He filled it with a vast castle, wide courtyards, massive ballrooms filled with people. Fountains. Groves of trees. Walks. Balls, parties and opportunities to get to know others of their social status. A time and place for making matches. The thought made Francis nervous. Not only because of lots of young ladies, but the prospect of trying to choose a wife was really difficult. How did one even go about it? I suppose I find someone I like and ask Maman if she thinks they’re suitable. That seemed the simplest way forward to Francis.

All that matters to me is that I can talk to her. That was, he realized, the problem. The eligible young ladies he had met were like exotic birds – happy, chattering and playful. They seemed to think mainly of balls and parties and who said what to whom. He felt bewildered and didn’t even know how to start talking to them. The few encounters he had with them had been strained and daunting. I hope I don’t find they’re all like Marguerite, Henriette and Matilde. These were the daughters of the Baron of Moreau, Castelles and the count of Paysanne, respectively. Even just seeing them makes me feel awkward. Beautiful and refined, the three girls were like something from another world.

An unapproachable, inaccessible world that had no intersection with his. He chuckled. “I’m talking myself out of this.” The idea of marriage was appealing to Francis. He thought about it as he felt the jolt and roll of the carriage underneath him. He had a wonderful example at his home, after all… his parents were best friends as well as lovers. He liked the thought of a true companion after a life where so often he felt alone. Of course, the idea of someone with whom to share the act of love did appeal to Francis, sending a thrill through his loins. He shook his head. Easy, Francis.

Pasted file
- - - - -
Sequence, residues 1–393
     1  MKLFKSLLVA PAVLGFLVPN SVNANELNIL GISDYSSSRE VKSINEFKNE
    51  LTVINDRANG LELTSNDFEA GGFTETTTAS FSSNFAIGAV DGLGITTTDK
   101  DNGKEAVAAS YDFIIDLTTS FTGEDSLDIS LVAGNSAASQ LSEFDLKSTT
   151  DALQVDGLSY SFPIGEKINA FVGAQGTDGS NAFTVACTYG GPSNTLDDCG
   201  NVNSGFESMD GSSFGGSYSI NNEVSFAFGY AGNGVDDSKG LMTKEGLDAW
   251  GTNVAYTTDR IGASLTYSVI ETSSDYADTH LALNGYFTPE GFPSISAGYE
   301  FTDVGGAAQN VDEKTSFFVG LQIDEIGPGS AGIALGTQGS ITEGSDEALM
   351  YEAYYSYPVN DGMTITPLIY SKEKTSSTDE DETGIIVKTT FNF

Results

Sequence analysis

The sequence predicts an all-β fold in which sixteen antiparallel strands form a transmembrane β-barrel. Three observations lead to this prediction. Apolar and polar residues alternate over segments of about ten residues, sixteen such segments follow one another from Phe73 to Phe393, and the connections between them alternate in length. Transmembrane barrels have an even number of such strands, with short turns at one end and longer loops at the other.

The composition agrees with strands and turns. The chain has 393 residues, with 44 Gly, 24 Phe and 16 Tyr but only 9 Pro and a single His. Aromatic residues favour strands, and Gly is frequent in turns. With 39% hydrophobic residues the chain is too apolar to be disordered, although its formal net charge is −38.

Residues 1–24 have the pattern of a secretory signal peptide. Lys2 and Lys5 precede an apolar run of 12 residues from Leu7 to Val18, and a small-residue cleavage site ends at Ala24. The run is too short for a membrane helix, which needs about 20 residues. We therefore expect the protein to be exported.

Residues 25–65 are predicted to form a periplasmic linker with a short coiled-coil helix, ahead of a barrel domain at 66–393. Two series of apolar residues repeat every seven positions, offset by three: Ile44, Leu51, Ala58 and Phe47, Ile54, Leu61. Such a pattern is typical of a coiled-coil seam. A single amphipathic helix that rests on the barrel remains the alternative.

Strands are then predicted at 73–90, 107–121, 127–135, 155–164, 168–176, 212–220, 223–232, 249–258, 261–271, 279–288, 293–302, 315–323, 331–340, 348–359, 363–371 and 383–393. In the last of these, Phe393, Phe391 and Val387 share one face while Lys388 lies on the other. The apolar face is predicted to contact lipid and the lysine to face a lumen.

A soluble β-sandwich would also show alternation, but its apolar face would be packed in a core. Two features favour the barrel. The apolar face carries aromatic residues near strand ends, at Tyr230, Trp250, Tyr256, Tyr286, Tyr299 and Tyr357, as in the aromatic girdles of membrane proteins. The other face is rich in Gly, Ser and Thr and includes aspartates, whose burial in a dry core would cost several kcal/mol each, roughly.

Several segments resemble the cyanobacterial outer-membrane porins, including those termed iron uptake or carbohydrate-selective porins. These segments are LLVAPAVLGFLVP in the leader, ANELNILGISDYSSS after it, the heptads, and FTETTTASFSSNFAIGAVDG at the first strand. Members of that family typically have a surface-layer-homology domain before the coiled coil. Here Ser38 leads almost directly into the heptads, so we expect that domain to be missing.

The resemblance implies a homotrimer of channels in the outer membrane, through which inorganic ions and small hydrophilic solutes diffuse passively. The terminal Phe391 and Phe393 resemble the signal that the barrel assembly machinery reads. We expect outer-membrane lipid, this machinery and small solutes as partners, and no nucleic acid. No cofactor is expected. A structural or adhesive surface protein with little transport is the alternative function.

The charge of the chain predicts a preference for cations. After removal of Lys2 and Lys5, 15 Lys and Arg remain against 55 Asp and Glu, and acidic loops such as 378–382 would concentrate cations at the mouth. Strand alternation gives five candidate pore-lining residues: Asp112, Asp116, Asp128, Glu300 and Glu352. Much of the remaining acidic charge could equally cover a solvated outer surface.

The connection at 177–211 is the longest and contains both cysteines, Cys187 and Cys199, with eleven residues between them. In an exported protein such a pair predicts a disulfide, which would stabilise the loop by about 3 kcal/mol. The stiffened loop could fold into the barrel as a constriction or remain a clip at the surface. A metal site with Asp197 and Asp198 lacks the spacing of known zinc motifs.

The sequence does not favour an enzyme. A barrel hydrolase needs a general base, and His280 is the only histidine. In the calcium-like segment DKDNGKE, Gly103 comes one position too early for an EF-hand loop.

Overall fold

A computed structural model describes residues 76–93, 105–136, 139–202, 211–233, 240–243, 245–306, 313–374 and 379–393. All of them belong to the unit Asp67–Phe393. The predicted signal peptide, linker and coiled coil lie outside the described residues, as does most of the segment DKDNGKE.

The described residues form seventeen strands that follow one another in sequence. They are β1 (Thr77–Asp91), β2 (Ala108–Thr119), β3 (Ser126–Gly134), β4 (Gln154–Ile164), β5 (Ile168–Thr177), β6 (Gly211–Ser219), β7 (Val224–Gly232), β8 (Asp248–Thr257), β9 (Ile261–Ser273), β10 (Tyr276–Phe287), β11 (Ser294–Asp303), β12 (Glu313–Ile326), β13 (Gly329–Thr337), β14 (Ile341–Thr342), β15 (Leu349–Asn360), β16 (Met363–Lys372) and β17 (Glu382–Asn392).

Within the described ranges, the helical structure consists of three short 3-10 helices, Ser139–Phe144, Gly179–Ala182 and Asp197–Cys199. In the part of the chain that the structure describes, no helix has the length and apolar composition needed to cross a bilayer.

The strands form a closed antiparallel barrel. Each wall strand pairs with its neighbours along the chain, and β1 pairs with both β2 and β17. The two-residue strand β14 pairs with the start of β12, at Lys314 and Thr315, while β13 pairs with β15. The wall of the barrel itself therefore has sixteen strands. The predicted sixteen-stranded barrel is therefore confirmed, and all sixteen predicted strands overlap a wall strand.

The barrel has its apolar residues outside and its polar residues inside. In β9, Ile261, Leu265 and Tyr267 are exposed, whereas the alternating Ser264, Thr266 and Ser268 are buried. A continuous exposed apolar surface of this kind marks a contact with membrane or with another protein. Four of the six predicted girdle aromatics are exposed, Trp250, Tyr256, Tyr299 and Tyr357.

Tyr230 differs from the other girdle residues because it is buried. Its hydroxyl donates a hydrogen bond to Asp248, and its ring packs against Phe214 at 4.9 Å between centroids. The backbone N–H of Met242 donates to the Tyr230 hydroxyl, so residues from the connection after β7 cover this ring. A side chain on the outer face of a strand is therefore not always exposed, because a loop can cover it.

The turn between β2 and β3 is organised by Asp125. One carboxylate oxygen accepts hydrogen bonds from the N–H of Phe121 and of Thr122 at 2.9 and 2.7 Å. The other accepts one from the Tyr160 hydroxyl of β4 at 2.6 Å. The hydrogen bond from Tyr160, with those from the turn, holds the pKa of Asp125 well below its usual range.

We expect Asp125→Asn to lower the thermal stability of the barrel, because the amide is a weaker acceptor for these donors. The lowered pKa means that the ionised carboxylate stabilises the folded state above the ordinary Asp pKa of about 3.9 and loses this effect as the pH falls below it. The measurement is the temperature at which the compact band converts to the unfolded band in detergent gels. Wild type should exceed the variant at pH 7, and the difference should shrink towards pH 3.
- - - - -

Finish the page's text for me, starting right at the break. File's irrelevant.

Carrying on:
You’re not considering a pretty lass from one of the villages nearby. This is your wife you’re going to choose. His loins were stirred now though, and he bit his lip, wishing he had time to seek Charmaine, the kitchen maid, with whom he’d had some happy trysts. The girl was friendly and willing, but he sensed she was reluctant now that they were both reaching an age to find a marriage partner. He respected her wishes to keep herself to herself. He needed to focus on his own future. If she could be so level-headed and practical, the least he could do was follow her example! He himself had the succession of the estate to consider. “Especially now. When I’m on court business.” “Whoa!” the coachman was calling.

Francis looked out through the window, seeing the landscape change from wide farmed fields to valleys and wooded hills. They were on the road north. To Paris. The thought made his stomach tingle with excitement. He was on his way to Paris in the summer. To find himself a wife. The thought had daunted him before. However, things had changed. Was he anticipating it now? Strangely, after his conversation with his mother and the realization that, though different to most, he was not ugly, he found that he was. He wanted to see what life had in store for him.